What's tragic in this is that these two groups, both targets of 'society', fight each other rather than joining their efforts. It's the old story seen everywhere, the lower classes played off against one another, anything to prevent them rising up and fighting those in power. Every once in a while you see them doing it - as in the cafe at midnight, where the Jets all stay silent rather than allow the police to take in the Sharks (who are their main targets, being foreign). But still their first hatred is reserved for the other group, who are taking their territory, meagre as it is.
The sadness of the love story is that fighting has made what would probably have been a brief fling into something secret, sustained and, ultimately, something tragic. It's not just a tragedy for Maria and Tony, but for all of them, left in the end with nothing more than they had when they began, still demonised, still worthless. As Maria and Tony sing 'there's a place for us - somewhere', it's not just for the two of them, but for all of them. The rallying cry of a better life.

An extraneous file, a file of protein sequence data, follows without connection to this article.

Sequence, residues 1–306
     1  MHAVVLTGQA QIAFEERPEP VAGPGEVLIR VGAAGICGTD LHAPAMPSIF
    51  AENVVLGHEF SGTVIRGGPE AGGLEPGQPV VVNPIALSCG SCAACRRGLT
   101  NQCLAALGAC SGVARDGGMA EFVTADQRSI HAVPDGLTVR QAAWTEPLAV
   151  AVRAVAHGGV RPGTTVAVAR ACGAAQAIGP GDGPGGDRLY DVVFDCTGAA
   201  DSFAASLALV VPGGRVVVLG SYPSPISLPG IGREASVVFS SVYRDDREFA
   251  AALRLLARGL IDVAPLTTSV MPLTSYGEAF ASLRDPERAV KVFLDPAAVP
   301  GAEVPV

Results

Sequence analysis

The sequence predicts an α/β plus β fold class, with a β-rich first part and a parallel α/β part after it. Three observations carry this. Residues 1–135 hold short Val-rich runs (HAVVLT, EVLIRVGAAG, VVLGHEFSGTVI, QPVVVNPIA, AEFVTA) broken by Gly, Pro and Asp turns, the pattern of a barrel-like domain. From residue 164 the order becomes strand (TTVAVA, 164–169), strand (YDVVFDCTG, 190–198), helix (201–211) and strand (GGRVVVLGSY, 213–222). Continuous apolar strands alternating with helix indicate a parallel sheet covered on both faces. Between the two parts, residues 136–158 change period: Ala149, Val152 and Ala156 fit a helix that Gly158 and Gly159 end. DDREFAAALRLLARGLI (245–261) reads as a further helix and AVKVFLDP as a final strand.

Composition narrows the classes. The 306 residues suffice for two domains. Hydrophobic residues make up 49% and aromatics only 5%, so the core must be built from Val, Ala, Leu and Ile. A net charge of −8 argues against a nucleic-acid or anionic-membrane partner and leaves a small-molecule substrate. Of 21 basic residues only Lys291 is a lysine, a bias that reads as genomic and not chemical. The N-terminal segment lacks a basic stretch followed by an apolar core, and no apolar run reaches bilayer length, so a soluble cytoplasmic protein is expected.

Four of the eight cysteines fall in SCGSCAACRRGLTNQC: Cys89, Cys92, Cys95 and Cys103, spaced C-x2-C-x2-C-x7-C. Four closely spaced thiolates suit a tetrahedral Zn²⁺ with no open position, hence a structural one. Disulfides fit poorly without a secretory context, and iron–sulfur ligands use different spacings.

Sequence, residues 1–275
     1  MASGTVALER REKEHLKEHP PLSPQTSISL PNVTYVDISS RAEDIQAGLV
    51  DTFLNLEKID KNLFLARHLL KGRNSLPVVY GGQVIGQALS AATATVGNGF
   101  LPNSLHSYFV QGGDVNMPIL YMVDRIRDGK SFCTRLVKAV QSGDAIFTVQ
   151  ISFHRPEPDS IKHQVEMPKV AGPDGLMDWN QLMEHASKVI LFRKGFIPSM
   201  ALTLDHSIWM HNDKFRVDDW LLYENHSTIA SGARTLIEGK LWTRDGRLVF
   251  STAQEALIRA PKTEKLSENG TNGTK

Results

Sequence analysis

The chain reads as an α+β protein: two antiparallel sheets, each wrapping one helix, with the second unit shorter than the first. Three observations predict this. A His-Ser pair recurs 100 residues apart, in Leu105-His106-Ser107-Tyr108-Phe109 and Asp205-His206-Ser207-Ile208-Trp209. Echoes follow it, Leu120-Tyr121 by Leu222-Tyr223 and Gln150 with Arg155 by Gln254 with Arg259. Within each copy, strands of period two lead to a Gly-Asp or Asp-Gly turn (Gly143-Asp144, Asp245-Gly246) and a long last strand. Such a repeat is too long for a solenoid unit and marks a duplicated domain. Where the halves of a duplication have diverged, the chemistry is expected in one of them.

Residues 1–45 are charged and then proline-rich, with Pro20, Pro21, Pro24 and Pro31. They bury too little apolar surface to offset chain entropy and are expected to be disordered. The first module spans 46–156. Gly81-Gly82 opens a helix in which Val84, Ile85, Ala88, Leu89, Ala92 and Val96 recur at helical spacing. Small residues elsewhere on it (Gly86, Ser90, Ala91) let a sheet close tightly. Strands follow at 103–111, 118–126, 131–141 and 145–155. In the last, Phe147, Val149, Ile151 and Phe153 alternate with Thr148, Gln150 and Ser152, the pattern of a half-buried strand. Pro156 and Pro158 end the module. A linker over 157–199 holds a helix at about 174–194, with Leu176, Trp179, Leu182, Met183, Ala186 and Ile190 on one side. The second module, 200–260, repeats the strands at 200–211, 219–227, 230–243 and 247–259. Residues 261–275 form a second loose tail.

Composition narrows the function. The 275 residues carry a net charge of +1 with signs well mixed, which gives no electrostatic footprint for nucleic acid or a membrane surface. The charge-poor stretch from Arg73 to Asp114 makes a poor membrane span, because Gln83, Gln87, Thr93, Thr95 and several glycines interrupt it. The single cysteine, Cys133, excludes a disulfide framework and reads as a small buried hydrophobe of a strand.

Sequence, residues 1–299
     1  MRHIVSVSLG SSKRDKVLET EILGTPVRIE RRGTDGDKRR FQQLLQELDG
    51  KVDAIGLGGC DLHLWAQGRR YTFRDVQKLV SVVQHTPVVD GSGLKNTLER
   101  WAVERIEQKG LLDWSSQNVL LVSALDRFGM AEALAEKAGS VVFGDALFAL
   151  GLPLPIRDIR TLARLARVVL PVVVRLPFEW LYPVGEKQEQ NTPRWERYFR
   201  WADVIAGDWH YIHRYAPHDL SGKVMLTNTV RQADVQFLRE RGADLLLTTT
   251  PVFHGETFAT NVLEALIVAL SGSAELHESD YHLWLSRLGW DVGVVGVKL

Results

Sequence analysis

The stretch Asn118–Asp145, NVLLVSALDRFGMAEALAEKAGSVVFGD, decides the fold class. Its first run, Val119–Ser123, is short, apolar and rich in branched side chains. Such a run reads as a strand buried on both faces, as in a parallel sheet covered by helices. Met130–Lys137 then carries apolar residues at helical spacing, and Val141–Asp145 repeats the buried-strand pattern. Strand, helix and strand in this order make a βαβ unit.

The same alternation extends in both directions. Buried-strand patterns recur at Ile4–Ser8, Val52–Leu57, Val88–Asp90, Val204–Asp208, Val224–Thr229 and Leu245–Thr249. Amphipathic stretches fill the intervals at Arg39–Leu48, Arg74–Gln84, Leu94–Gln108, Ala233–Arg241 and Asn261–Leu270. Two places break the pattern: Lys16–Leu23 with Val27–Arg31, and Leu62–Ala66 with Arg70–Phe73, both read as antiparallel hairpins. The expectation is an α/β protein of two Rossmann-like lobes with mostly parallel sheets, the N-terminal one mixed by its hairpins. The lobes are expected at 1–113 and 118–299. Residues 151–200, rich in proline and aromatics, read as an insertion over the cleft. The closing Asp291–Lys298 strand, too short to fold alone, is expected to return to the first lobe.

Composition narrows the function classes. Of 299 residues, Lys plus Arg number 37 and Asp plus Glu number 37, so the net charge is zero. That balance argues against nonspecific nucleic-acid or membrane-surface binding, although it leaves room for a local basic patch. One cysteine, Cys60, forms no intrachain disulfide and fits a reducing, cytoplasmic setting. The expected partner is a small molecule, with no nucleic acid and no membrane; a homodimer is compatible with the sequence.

Romeo and Juliet is by no means the best love story ever told, but it can turn into a truly great story when music and dance is added to words, and when social struggle is added to romance. Here we see the lowest in society venting their frustration - tragic young men going down under bullets, as in the best Westerns - their pointless lives tunnelled into frustration after frustration, finally ending in death. The moral, of course, is not to try to rise above the other group, but with them. Join forces! Fight the bastards who keep you down!